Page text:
With a competitive Senate race, along with four closely watched House contests, Iowa is awash in political advertising. A flood of outside groups are also weighing in, featuring images of Greenfield morphing into House Speaker Nancy Pelosi and billboards with pictures of Bernie Sanders and a message: “Bernie: Joe Biden’s socialist comrade.”
At the center of it all is the presidential campaign, which is now locked in a tight race. Trump’s standing may lift — or sink — the Republican ticket here, but the fact that he is defending his Iowa terrain at all is a far bigger sign of trouble in other battleground states.
Four years ago, Trump won 93 of the state’s 99 counties, including 31 that twice voted for President Barack Obama. Iowa had more so-called pivot counties than any state in the country.
Jasper County, once home to the Maytag company, is one of them.
Michelle Smith, the county’s Democratic chairwoman, said many too many Democrats were not inspired to vote four years ago for Hillary Clinton, which she said wouldn’t happen this time.
“The people I know who didn’t vote are going to vote for Joe Biden this time because they realize by not voting what we’ve had to do ensure the last 3 1/2 years,” Smith said. “At the end of the day, I really do think it is either a vote for or against Trump.”
But signs of Trump strength are plentiful across Jasper County, which is about 40 miles east of Des Moines. Conversations with Republicans here suggest far less concern about the controversy of the day back in Washington — many of them self-inflicted, voters are quick to point out — but the President whose results they believe in.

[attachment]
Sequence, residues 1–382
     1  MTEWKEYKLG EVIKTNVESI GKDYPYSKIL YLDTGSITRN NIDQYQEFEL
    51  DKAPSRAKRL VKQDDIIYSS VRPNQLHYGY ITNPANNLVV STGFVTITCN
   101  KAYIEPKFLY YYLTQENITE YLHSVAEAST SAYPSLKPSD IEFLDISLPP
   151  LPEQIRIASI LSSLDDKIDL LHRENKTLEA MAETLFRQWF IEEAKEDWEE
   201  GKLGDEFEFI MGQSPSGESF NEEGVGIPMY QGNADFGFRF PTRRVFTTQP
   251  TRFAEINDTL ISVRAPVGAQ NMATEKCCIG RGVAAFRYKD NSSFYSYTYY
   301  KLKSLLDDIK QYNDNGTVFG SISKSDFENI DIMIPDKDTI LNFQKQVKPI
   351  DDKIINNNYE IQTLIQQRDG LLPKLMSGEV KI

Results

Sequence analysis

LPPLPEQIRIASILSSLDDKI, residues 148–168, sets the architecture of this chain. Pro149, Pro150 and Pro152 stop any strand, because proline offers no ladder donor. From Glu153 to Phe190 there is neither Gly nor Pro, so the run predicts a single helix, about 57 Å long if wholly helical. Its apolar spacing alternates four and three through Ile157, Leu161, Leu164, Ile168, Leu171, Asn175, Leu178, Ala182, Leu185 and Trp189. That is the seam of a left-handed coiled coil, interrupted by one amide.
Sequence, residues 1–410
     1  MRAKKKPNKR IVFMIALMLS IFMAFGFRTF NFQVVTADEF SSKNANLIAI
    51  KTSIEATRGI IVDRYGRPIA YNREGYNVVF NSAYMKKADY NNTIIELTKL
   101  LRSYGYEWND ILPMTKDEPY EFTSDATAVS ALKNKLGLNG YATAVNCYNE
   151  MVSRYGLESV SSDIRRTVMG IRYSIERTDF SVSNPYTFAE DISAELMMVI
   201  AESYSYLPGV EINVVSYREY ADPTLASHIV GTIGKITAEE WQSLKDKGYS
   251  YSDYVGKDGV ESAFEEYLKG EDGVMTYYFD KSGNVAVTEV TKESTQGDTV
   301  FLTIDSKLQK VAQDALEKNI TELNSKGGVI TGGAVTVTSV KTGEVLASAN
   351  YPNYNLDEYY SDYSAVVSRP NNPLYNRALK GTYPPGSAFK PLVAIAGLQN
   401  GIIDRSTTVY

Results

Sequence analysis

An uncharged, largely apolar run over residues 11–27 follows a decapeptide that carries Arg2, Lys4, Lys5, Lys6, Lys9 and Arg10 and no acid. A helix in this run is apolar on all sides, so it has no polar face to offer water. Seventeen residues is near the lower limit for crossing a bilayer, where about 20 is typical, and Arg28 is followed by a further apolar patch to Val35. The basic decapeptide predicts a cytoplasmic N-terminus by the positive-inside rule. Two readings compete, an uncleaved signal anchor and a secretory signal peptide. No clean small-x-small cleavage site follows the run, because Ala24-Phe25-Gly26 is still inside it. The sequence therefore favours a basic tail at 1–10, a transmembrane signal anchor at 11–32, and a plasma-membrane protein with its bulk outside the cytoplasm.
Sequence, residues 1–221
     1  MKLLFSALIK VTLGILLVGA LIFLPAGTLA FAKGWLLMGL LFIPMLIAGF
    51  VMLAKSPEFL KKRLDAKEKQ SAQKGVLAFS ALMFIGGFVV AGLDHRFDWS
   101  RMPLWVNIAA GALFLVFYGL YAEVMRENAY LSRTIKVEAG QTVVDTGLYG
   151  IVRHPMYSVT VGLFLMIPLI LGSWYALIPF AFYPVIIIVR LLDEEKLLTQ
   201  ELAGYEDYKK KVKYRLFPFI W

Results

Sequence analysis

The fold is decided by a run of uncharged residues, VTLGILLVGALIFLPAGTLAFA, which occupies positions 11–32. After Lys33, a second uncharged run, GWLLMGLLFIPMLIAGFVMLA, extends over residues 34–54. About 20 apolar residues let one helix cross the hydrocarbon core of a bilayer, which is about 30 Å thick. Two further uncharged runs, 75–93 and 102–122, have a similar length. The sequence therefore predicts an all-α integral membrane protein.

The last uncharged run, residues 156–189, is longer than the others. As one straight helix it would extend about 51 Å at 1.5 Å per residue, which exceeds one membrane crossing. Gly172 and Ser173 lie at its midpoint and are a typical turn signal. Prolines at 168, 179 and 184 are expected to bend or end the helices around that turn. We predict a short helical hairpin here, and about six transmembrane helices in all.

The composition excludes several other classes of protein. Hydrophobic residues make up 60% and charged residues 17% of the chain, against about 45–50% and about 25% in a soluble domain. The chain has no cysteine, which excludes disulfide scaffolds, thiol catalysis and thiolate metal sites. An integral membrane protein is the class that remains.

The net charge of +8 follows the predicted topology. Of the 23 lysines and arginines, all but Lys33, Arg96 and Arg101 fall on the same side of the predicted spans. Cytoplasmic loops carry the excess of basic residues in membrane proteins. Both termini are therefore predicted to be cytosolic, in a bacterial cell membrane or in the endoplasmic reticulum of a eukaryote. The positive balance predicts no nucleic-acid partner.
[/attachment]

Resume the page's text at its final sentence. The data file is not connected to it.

“We’re so far into it now, people either like him or they don’t,” said Thad Nearmyer, the Republican county chairman. “If you already like him, you’re pretty much locked in.”
Yet even with early voting underway and Election Day three weeks away, some voters are still not entirely sure what to do.
Mark Hallam, who holds a nonpartisan seat on the Newton City Council, counts himself in that group. He said the economic downturn, in the wake of coronavirus, could change some minds and make the president and Ernst more vulnerable, but he doubts the president’s conduct will suddenly sway anyone.
“Trump is something of an enigma to me,” Hallam said. “I enjoy some of his theatrics, while others I’m put off by, because it’s my not personal style. But it is who Donald Trump is.”